Italy boasts an extremely rich film tradition, which over the years has also become a burden difficult to bear and almost impossible to get rid of. In the last few decades, Italian filmmakers have made every effort to prove that Italian cinema has moved beyond the glories of the past, beyond the “Peplum” epics that dominated the Italian film industry from the first decade of the 20th century to the 1960s, beyond Neorealism and the Italian-style Comedy, beyond the Spaghetti Western and the Dolce Vita. Although the most recent productions “made in Italy” have not been able to live up to this glorious past, there is a variegated number of authors from different backgrounds, styles and ages whose work is particularly noteworthy: they are actually “mavericks” moving within an absent film industry that is neither financially sound nor effective in terms of regulations able to support technical and creative professionals.
Most of their films have successfully crossed the national borders and become famous abroad, especially in the United States. Some of these authors – like Gabriele Salvatores, Giuseppe Tornatore and Roberto Benigni – have become popular at Hollywood thanks to their Academy Award-winning motion pictures: respectively, Mediterraneo (1991), Nuovo Cinema Paradiso (1988) and La vita è bella (Life is Beautiful, 1997).
Others – Gianni Amelio, Daniele Luchetti, Marco Tullio Giordana, Nanni Moretti – have gained an international reputation thanks to the cultural value of their works: their movies come from a background of economic recession, political instability and cultural aridity and deal with social and political issues, which are intertwined with more emotional and intimate themes.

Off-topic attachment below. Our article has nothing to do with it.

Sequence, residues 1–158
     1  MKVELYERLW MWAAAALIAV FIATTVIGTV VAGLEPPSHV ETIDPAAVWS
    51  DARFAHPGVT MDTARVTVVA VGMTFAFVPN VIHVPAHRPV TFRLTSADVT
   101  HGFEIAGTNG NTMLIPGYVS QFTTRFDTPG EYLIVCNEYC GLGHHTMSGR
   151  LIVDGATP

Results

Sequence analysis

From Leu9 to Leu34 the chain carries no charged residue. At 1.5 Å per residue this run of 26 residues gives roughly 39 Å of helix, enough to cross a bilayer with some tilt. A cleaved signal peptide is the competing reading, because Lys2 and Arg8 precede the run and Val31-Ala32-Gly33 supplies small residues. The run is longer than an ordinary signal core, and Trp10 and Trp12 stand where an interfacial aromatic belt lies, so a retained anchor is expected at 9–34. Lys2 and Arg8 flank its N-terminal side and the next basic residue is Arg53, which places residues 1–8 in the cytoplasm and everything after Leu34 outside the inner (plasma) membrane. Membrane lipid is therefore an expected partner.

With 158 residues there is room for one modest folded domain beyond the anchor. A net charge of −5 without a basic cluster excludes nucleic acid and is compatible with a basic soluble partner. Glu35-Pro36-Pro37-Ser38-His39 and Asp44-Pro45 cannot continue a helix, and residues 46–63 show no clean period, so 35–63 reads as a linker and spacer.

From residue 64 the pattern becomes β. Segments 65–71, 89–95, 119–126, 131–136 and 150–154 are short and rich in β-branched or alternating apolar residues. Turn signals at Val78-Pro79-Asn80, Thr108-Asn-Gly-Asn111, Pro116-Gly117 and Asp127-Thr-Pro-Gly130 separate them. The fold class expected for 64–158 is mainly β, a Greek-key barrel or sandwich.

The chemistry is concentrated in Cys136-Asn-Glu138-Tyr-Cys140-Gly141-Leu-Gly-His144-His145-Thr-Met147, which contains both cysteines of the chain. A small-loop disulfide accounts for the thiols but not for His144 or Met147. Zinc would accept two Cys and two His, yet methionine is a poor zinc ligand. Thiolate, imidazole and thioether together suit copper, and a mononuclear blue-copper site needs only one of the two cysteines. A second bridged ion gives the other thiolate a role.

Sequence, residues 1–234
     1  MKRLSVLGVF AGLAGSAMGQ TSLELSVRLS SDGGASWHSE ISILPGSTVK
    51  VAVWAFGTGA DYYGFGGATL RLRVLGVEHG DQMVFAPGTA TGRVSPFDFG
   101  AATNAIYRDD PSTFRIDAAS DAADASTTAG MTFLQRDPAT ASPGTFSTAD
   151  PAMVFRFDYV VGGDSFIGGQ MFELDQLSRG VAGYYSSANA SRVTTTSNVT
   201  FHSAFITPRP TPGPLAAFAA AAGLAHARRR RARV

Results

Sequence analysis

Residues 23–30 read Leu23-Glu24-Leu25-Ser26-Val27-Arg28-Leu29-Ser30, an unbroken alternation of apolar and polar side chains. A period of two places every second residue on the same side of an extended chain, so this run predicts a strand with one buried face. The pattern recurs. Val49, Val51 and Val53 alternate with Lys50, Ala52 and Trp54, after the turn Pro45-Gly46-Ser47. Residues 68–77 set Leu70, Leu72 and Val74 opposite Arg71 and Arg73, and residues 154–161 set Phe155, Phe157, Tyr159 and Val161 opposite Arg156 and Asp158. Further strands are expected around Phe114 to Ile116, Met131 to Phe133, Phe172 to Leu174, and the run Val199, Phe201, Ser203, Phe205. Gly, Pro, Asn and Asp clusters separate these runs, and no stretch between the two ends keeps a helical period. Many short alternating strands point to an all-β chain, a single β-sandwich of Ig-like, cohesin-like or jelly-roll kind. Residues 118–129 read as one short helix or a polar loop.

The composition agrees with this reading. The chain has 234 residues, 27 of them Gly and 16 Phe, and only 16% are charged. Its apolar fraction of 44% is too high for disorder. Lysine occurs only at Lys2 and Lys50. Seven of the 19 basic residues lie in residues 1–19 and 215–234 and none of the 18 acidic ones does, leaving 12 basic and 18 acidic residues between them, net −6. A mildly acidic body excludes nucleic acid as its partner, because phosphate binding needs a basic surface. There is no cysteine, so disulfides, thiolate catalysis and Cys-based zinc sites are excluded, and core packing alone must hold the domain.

Gianni Amelio’s films are celluloid paintings depicting novel-like scenes of misery and nobility. Among his most well-known movies are Il ladro di bambini (Stolen Children, 1992), a journey of initiation into contemporary Italy, Special Prize of Jury at the Cannes Film Festival, and Lamerica (1994), an intense portrait of the Albanian immigration in Italy, which explores one of his recurrent themes: the search for roots. His last movie, Il primo uomo (The First Man, 2011), is an adaptation of the homonymous novel by Albert Camus and was premiered at the last Toronto Film Festival. Daniele Luchetti’s career spans from the successful political movie Il portaborse (The Yes Man, 1991), a hard-hitting drama film about the corruption and arrogance of Power, to the grotesque feature film La scuola (School, 1995), up to his most intense movie Mio fratello è figlio unico (My Brother is an Only Child, 2007), which explores the ideological and political extremisms of the 1960s and 1970s through the relationship of two working class brothers. His last film, La nostra vita (Our Life), competed for the Palme d’Or at the 2010 Cannes Film Festival and its leading actor, Elio Germano, won the Best Actor Award.